Richard Rogers, one of the world's most successful and influential architects, has stepped down from his firm after more than 40 years.
Lord Rogers, 87, designed landmark buildings including the Pompidou Centre in Paris, the Millennium Dome in London and the Welsh Assembly in Cardiff.
He is one of a handful of architects credited with shaping modern cities.
He has retired from Rogers Stirk Harbour & Partners, which he founded as the Richard Rogers Partnership in 1977.
He has won most of architecture's major honours, including the prestigious Pritzker Prize in 2007 and the Stirling Prize twice. He was knighted in 1991.
He came to prominence in the 1970s and 80s with two buildings that were controversial at the time for putting amenities like lifts and air conditioning ducts on the outside - the Pompidou, which he designed with Renzo Piano, and the Lloyds building in London.
His critics have included Prince Charles, who has spoken about his dislike of Lord Rogers' designs on several occasions.
But that did not prevent the architect from going to strength to strength around the world. His other creations included the European Court of Human Rights in Strasbourg, the Welsh Assembly in Cardiff, Terminal 5 at Heathrow Airport and Terminal 4 of Madrid's Barajas Airport.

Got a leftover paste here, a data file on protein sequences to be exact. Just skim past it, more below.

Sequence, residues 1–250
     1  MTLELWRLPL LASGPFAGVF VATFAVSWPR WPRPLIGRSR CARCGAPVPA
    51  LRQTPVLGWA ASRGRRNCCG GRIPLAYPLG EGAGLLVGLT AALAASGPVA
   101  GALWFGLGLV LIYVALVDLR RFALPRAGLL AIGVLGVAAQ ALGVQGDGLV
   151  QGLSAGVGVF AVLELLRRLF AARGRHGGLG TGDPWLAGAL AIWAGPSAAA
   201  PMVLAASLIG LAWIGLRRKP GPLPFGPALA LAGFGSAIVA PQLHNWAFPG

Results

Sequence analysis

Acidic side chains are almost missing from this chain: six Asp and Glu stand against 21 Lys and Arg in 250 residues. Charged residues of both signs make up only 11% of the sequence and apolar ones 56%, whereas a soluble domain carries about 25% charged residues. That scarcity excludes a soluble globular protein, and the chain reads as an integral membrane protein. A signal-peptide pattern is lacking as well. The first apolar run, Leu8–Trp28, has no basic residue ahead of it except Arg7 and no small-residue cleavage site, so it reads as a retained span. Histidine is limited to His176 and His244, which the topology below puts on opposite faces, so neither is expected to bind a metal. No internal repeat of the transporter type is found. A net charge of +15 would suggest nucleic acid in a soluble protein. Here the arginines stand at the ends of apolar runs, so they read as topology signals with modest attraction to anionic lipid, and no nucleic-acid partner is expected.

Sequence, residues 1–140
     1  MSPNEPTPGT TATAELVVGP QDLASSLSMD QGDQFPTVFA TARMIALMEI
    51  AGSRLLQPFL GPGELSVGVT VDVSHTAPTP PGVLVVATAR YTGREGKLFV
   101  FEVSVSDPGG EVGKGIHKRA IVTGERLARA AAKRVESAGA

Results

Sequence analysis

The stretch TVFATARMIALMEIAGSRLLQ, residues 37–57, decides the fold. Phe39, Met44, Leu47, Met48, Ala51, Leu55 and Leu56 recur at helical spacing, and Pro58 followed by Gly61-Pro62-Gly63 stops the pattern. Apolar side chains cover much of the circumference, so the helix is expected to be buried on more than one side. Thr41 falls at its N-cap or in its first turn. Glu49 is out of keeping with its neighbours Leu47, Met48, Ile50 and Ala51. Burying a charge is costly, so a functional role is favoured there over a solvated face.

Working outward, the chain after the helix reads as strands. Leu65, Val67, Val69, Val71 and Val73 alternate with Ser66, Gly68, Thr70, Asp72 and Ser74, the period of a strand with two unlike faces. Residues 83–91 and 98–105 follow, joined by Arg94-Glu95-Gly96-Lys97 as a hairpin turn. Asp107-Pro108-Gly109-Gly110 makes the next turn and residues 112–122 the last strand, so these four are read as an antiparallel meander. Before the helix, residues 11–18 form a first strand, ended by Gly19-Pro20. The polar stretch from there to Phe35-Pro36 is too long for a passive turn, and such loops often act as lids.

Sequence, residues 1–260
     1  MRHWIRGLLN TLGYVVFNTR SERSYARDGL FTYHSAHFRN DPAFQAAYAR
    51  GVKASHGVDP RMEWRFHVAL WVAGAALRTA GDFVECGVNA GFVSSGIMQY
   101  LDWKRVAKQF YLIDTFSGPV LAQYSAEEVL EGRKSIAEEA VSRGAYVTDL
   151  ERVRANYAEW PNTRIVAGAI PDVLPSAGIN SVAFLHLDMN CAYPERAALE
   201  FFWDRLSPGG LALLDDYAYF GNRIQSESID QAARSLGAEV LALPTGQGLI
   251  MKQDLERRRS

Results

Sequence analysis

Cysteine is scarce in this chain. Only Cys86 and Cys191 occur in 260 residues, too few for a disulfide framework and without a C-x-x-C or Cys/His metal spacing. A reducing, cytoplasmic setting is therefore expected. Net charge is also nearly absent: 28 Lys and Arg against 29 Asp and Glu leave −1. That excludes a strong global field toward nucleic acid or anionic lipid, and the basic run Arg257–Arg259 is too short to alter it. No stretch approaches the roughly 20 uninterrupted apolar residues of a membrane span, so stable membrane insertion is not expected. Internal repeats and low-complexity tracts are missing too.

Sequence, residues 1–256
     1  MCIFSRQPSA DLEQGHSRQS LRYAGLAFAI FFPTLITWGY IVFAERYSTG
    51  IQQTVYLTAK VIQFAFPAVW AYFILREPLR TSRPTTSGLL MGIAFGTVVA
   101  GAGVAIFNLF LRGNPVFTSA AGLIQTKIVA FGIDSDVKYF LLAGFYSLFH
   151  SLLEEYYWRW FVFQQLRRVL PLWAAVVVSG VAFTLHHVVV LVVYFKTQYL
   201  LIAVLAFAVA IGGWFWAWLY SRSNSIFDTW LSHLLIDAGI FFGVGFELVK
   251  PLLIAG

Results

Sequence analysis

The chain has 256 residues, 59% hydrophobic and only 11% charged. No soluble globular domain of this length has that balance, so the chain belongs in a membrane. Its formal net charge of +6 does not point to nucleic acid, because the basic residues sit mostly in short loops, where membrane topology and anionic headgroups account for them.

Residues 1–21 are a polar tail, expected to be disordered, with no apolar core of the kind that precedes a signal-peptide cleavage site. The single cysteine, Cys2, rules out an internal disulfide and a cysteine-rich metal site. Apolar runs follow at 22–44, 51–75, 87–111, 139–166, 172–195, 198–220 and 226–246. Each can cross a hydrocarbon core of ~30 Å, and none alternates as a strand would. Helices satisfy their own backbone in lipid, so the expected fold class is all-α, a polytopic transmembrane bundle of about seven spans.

The piazza as a public meeting place is often central to his ideas. "The concept that cities contain places where people can exchange ideas and meet others - that's the most exciting thing," he told the BBC World Service in 2013.
More recently, he built 3 World Trade Center in New York, an 80-storey skyscraper on the site of the former Twin Towers.
But he has said his favourite project was one of his first, and the most personal - the modernist house he designed for his parents in Wimbledon in the late 1960s.
He also advised on urban planning in cities including London and Barcelona. He chaired the influential Urban Task Force on the state of the UK's cities from 1998-2001.
His company will now be led by partners Ivan Harbour and Graham Stirk, and under its constitution will drop Rogers' name within the next two years, according to Building Design.
Rogers Stirk Harbour & Partners gives 20% of its profits to charity - around £500,000 a year, according to its website.